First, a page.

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Close Knit Volunteers

Sam Fenner | Apr 4, 2013, 6 a.m.
Sam Fenner (right) with his oldest granddaughter, Katie Cunningham. Katie made Sam a proud grandpa when she started volunteering with him

Volunteering at Highline Medical Center in Burien, Wash has been a most rewarding 15 years in my life. The hours I have volunteered amount to nothing compared to the values that I have received. Just a smile from an elderly patient or a youngster often makes my day. Observing a team of nurses working as a unit also brings contentment and pride to us volunteers.

It amazes me as I look at all the different reasons given for becoming a volunteer. It often begins with one family member and extends to other relatives. I am a part of this group. For the past 15 years, my family has witnessed the joy that I receive from volunteering. I won’t take credit for Katie Cunningham and Sam Fenner it, but my oldest granddaughter, Katie briefly became a volunteer in the Highline Medical Center Cancer Clinic. Like me, she loved her duties, but she and her husband moved farther out in the country, and she gave up volunteering. I hope she returns soon.

Several of our volunteers became familiar with the medical center as patients or had family members that were patients. The treatment they received from the physicians and staff encouraged them to become volunteers.

Several of our volunteers worked together at places like the Highline School District and other organizatoins. I am sure that they spoke highly of their volunteer duties and activities, and this encouraged their friends to become volunteers. It is heart- warming to see retired nurses coming back as volunteers.

Just as our volunteers are a close-knit group that work as a team, we receive directions and moral support from a fantastic volunteer staff. Our staff consists of a director, two volunteer coordinators, and two hard working ladies that are connected with the gift shop. That staff works together in unison, and are always available to answer our questions and to offer us their help. The examples they set are just another benefit that we receive.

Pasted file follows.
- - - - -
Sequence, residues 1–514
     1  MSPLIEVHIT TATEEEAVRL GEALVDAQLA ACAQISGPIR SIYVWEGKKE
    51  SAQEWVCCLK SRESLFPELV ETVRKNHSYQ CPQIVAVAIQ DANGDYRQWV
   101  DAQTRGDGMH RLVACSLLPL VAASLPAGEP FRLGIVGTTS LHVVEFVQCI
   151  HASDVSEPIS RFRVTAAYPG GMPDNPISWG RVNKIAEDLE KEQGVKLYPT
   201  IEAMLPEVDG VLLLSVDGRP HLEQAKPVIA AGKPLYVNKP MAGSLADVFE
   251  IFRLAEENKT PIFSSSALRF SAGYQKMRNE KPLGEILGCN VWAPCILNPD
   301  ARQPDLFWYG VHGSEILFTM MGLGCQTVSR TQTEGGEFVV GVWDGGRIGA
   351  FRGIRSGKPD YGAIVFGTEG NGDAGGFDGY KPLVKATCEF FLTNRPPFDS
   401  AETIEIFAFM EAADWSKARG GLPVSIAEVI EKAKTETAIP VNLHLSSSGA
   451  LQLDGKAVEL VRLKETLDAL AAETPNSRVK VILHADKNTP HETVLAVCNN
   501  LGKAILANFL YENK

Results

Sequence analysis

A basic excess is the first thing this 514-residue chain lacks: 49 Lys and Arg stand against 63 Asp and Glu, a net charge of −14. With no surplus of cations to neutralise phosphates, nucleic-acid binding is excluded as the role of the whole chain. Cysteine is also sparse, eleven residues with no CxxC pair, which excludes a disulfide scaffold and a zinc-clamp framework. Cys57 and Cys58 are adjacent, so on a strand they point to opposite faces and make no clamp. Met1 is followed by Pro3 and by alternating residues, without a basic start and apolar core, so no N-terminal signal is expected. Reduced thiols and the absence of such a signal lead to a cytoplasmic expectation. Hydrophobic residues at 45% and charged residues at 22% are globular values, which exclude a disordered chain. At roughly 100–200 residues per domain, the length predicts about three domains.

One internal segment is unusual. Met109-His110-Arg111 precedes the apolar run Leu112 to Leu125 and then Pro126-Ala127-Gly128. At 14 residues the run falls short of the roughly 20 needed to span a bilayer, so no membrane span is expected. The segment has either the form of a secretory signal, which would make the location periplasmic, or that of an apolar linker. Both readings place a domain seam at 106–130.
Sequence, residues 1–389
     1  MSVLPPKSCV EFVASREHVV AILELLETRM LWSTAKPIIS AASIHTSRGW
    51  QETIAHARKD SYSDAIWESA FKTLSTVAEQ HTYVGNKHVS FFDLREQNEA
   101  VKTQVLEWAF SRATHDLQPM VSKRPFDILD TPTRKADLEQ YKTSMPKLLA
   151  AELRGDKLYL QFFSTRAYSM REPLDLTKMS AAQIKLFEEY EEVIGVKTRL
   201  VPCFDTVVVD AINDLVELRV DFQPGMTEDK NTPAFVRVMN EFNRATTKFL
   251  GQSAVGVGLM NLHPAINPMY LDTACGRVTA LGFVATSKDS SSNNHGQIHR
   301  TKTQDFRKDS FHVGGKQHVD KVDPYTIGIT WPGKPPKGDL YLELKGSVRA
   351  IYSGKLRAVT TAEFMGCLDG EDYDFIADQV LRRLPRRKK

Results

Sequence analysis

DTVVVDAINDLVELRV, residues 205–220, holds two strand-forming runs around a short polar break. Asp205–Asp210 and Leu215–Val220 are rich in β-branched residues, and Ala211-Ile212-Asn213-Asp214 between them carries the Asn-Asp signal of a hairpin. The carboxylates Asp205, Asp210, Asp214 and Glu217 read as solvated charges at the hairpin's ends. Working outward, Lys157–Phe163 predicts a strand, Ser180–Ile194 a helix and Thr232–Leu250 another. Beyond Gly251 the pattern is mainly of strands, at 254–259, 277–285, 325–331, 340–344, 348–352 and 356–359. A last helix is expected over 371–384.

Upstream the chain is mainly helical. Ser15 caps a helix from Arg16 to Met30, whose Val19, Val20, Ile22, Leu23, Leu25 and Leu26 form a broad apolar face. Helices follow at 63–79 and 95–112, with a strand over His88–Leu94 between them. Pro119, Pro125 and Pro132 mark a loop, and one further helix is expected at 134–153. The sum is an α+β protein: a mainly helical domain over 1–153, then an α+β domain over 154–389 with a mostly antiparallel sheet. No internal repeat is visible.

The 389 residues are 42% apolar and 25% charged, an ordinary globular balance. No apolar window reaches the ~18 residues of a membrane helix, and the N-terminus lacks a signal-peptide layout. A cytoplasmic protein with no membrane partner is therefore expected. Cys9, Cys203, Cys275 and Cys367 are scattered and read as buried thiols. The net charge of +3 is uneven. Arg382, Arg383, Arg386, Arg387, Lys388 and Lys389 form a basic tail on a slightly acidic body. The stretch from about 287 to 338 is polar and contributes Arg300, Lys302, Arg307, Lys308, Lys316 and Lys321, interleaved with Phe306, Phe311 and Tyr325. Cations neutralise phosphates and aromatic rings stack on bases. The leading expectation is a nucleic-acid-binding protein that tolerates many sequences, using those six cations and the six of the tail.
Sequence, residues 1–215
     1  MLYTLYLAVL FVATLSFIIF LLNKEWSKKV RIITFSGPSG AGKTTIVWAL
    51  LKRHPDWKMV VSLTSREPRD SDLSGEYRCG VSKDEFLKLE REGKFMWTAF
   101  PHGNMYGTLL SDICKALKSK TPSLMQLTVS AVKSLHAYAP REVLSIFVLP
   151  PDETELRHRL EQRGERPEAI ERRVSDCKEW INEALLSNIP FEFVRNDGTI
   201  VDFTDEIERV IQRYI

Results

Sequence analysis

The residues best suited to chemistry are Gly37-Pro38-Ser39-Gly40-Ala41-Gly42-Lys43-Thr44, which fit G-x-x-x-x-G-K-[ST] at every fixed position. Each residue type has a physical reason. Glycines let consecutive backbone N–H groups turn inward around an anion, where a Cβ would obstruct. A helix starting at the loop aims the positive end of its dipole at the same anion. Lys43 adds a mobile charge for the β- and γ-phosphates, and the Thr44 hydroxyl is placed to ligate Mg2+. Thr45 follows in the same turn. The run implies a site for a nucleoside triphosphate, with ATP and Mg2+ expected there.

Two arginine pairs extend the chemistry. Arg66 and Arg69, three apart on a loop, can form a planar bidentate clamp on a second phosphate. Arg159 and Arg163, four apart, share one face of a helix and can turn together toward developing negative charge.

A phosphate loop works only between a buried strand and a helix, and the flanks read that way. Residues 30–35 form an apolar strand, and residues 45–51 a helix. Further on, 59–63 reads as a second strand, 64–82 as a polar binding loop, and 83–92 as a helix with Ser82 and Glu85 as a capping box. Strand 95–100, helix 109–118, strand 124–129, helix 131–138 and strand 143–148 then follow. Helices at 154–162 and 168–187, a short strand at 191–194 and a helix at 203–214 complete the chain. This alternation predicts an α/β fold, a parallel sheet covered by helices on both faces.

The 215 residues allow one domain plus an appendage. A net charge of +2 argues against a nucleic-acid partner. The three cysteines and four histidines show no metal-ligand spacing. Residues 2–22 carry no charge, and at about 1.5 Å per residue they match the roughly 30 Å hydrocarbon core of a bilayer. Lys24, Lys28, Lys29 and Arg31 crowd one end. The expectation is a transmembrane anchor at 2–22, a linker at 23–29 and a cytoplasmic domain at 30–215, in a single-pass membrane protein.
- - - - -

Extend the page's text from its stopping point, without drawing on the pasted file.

Each volunteer is assigned to a specific department, and we always receive excellent support from the department director and on down through the entire department staff. We are treated with the utmost respect by the entire staff. We are rewarded also by the thanks that we receive from patients and/or their families.

The diversity of the volunteers is endless. We worked in all aspects of employment, and bring our talent, knowledge and culture to our volunteer assignments at Highline Medical Center. Age is no barrier to becoming a volunteer. We see teenagers, some that hope to enter the medical profession. Most of our volunteers are retired, and see volunteering as an arm to extending their service to others. We never enter the volunteer field with a limit as to how long we might volunteer. Most of this close-knit group will continue to be volunteers, and to help others until our health dictates to us that it is time to stop. In the meantime, we will enjoy being a part of this close-knit group. Volunteering is so rewarding and satisfying, especially with a group of wonderful friends.

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